Recent studies demonstrate that adipose-derived stem cells show excellent vitality after purification procedures. So after the introduction of these technical modifications, by the end of the last century it was generally accepted that adipose tissue could be used as a filler and that the method was worthy of scientific attention, although with some reservations, because in many surgeons’ experiences results were not consistent.

The Present: Fat as a Regenerating Agent

In recent years, building on the technical premises outlined above, research into adipose-derived mesenchymal stem cells has advanced, and the biological rationale underlying the methodology has been progressively unveiled. In particular, immunophenotypical and molecular characterization of these cells makes it possible nowadays to identify them and compare them with mesenchymal stem cells from other, better-known sources, like the stem cells derived from bone marrow [4]. In the field of surgery, methods have improved, and the union of clinical work—conducted in particular on the outcomes of radiotherapy after breast cancer therapy—with basic biological research has gradually effected a radical change in the way adipose tissue is utilized.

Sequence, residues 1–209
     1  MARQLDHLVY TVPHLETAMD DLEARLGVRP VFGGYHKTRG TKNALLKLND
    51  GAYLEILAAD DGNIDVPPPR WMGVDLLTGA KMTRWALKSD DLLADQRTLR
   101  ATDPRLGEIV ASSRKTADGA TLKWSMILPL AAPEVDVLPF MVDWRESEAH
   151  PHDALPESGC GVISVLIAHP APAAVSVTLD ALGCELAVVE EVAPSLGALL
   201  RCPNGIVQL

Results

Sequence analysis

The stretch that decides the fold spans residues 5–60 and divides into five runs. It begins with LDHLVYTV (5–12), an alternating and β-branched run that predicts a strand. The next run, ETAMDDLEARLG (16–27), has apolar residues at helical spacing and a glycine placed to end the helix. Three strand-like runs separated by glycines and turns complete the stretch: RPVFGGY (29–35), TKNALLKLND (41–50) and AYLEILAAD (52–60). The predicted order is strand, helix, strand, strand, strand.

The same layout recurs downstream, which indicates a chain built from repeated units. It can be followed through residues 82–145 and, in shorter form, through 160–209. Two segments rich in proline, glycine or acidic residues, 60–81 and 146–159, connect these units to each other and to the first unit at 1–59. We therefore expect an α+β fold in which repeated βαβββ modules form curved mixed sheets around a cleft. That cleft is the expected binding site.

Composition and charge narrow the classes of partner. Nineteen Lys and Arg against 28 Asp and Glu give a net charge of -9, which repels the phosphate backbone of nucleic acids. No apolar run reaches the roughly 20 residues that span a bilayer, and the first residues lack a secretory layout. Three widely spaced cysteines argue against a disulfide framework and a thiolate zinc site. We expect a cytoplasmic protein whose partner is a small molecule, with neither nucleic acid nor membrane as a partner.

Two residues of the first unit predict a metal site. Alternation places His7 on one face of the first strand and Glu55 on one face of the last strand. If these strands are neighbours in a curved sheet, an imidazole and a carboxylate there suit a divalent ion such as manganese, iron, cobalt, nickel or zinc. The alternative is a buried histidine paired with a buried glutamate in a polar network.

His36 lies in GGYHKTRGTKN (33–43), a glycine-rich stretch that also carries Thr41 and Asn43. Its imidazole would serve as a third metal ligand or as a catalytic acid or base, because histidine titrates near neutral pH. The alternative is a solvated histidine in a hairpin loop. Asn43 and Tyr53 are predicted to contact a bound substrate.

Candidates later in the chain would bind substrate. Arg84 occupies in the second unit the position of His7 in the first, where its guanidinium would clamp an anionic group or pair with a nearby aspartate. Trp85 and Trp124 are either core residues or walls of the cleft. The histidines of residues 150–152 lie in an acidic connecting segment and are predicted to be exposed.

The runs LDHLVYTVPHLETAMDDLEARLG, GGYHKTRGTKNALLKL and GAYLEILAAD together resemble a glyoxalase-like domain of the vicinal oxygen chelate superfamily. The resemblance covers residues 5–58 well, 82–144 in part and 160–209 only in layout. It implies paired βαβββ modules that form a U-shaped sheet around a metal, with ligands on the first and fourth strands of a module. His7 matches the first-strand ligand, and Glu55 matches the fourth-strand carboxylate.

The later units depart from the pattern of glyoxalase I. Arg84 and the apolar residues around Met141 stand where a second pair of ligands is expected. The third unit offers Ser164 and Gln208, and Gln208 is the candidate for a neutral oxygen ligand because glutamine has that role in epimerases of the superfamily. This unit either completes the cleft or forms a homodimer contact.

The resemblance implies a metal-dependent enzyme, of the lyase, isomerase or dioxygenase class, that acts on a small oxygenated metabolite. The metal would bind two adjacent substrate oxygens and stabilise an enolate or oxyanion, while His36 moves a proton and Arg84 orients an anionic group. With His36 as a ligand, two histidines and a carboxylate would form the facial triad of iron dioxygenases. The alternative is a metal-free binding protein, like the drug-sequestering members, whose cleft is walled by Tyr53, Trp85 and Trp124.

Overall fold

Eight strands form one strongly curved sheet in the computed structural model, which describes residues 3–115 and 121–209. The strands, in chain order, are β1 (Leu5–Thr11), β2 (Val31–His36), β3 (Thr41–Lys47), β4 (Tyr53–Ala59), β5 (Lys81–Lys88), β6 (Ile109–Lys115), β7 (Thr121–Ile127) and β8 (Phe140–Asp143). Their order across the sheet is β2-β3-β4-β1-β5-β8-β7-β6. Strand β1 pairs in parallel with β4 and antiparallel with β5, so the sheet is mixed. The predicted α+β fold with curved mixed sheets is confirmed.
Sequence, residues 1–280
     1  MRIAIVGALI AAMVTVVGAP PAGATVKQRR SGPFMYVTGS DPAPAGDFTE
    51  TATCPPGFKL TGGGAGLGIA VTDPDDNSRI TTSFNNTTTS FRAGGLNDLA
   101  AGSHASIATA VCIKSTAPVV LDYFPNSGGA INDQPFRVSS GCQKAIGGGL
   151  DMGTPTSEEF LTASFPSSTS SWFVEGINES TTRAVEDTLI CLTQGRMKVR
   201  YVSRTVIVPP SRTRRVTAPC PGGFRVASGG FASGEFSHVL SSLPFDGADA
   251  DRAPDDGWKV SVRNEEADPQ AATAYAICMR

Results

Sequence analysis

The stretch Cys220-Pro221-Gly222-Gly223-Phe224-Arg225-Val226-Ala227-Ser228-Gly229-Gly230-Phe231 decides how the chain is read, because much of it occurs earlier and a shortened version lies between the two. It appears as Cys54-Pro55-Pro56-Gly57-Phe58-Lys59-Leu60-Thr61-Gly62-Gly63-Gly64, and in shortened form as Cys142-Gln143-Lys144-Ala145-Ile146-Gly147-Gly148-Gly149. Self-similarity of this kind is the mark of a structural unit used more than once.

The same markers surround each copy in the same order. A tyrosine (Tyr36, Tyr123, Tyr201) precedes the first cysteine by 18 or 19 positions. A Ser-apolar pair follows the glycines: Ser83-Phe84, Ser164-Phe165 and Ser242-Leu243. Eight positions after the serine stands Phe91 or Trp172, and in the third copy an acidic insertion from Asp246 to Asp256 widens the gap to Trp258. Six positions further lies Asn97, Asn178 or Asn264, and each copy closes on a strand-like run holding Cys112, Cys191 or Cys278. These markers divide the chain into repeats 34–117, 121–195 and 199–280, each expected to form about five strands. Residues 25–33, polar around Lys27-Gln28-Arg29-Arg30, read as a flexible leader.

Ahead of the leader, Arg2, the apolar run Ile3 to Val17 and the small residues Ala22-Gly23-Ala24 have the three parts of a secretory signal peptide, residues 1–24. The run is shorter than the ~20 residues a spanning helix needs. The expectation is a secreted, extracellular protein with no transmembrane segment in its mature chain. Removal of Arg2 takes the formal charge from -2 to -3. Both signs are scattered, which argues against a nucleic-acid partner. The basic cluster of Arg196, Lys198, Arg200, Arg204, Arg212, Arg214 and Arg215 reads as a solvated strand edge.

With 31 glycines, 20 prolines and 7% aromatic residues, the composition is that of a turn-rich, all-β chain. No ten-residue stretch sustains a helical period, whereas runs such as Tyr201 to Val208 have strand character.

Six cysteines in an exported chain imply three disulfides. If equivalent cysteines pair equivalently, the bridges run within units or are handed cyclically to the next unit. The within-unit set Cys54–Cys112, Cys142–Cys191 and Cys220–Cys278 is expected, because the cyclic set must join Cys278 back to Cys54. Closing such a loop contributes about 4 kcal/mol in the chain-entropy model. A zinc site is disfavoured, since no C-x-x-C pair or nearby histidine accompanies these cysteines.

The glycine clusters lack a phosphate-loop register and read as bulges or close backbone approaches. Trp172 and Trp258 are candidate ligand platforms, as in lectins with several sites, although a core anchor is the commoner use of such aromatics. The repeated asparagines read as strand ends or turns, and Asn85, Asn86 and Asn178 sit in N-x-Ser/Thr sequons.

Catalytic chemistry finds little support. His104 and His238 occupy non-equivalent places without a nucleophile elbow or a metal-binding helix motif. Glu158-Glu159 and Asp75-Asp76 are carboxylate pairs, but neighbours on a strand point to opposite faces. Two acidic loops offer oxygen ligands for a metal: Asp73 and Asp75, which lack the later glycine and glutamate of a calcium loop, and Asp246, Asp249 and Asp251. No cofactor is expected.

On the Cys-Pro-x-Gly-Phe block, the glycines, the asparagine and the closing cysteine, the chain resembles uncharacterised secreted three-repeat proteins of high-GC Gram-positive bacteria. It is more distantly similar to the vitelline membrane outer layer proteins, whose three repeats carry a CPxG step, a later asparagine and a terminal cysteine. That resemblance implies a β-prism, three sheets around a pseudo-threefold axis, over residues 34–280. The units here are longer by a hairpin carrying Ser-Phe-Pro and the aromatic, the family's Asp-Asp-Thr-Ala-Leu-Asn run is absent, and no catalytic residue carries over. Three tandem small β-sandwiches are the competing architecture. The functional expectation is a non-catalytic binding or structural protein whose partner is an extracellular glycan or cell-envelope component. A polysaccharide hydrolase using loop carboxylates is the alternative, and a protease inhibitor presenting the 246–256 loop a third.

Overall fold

It is now known that the action of injected fat is largely independent of the effects of mature adipocytes and is to be attributed mostly to the contribution of mesenchymal stem cells, which are very abundant in the vascular-stromal fraction of adipose tissue so that this fraction has been identified as truly responsible for therapeutic effects. In published studies, this model applied to therapy seemed capable of improving a series of histologic parameters; in particular, it improved the vascularization of tissue, reducing fibrosis, and even improved the trophism of the cutis overlying the lesions, removing any pain [5].